What I’m Reading – May 7, 2017
It has been a bit of a week, so I know I’m missing some critical events from the last week.
Horrific Legislation and Executive Orders
“Under the amendment, states would have the all-clear to waive the ban preventing insurance companies from denying coverage to patients based on pre-existing conditions. That means companies could also deny preventive health care services, like mammograms and gynecological exams, to these patients, which many sexual assault survivors in particular rely on following an attack.” Under the GOP’s health plan, sexual assault could be considered a pre-existing condition (by Marie Solis for Mic)
“The phone banks began lighting up almost immediately. But to the great dismay of DHS officials, it appears many callers took the agency’s words at face value, and are making use of the hotline to report encounters with criminal aliens…of the extraterrestrial variety.” Homeland Security is not happy with your calls about space aliens (by Esther Yu Hsi Lee for Think Progress)
“St. Louis police did not initially share many details about Crawford’s death, his father, Edward Crawford Sr., told the Post-Dispatch Friday morning. But he does not believe his son’s death was intentional. ‘I don’t believe it was a suicide,’ he said, adding that investigators were ‘being hush-hush.'” The Protester [Edward Crawford] From The Famous Tear Gas Photo In Ferguson Is Dead In An Apparent Suicide (by Tamerra Griffin for Buzzfeed)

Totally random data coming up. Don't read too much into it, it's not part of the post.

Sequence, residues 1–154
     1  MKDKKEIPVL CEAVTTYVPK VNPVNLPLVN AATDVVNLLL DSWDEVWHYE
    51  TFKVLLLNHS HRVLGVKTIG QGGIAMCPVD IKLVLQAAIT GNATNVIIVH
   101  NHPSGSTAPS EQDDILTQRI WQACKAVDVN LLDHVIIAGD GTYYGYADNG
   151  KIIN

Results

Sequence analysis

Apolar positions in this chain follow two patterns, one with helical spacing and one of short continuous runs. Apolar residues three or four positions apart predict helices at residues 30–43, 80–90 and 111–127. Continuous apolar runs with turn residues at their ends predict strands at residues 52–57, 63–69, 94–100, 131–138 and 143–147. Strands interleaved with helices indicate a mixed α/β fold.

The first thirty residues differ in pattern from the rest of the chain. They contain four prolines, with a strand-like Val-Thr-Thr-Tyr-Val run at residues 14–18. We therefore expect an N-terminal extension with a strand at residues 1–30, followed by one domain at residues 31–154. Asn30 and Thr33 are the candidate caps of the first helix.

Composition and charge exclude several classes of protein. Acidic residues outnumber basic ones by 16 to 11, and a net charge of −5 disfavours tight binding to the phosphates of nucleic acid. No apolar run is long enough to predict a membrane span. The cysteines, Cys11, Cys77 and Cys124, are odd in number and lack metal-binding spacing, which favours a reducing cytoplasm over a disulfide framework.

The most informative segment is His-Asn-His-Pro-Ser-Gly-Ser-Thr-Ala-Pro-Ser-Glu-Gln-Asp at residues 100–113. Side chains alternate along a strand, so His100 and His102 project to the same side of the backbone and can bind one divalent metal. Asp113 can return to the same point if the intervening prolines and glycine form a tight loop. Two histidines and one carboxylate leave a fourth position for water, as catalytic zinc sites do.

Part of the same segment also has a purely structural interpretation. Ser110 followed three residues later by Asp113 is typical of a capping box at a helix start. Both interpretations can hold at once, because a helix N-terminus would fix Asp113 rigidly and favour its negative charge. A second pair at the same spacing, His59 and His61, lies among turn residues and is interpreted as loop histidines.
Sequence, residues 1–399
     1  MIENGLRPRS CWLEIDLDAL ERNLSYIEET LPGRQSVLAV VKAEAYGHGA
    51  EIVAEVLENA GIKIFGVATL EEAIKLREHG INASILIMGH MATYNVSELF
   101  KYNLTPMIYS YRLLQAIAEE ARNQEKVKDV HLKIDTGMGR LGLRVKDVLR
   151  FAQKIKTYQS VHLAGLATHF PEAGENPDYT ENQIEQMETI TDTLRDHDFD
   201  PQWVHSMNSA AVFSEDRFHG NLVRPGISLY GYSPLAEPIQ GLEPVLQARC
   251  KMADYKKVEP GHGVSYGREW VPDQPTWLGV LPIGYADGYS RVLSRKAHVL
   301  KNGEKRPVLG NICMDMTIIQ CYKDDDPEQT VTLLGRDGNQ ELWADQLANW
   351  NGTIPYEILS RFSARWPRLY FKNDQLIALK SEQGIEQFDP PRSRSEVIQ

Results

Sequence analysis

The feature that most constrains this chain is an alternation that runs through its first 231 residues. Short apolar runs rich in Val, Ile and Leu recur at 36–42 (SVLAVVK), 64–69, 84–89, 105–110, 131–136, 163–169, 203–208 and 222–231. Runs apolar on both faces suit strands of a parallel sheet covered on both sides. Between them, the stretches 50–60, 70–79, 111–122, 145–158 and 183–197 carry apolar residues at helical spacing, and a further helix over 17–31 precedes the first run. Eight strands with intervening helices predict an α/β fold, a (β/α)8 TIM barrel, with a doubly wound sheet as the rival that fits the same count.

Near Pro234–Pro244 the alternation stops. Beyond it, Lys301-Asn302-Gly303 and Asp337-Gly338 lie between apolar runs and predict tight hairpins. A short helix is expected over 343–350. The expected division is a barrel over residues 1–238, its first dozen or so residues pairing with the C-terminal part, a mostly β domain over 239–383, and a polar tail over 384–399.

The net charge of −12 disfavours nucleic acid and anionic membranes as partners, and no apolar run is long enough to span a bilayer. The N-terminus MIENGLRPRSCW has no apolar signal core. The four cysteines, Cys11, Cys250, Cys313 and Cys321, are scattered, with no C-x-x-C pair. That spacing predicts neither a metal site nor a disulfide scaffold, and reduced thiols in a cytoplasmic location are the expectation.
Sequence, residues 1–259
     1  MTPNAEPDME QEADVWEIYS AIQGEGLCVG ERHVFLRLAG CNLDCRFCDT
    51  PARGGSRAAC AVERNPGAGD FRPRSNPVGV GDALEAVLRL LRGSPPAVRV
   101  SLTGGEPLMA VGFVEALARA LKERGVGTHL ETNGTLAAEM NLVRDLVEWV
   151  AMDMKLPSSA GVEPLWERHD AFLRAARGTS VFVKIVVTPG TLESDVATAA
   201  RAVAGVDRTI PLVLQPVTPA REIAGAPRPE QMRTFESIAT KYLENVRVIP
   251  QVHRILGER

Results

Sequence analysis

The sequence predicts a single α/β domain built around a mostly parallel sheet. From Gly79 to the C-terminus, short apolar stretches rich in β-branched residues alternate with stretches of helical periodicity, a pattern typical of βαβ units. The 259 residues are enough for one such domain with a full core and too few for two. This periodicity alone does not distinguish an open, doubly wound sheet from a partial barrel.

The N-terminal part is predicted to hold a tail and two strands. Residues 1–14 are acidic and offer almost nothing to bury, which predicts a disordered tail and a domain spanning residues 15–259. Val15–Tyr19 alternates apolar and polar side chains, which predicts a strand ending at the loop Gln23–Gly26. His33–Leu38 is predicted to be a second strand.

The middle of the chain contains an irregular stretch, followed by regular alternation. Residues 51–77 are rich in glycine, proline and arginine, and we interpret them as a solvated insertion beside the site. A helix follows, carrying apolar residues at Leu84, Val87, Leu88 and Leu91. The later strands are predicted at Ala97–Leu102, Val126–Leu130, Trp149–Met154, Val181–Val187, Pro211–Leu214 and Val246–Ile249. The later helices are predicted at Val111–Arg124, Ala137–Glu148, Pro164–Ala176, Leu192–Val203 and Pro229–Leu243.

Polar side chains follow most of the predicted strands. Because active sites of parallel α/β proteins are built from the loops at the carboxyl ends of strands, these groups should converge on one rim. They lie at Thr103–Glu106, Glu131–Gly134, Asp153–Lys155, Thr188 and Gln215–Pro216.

“Other reported incidents of shaming include a child in Alabama whose arm was stamped with “I need lunch money”. Canteen workers have been instructed to throw out the meals of youngsters unable to pay. That children from poorer backgrounds have to deal with such degrading tactics speaks volumes about wider attitudes and a toxic political climate around poverty.” Lunch-shaming in schools has no place in the battle against child poverty (by Mary O’Hara for The Guardian)
“The collapse of the festival became a national punchline. Those involved believe McFarland and his co-organizer Ja Rule started out wanting to deliver on their promises — an ultra-lux experience on a private island formerly owned by Pablo Escobar, with famous models dancing on yachts, bottle service at beachside concerts, and hidden treasures accessible only by jet-ski. But all agree they knew or should have known well in advance it wasn’t going to work.” “Let’s just do it and be legends, man” (by Gabrielle Bluestone for Vice)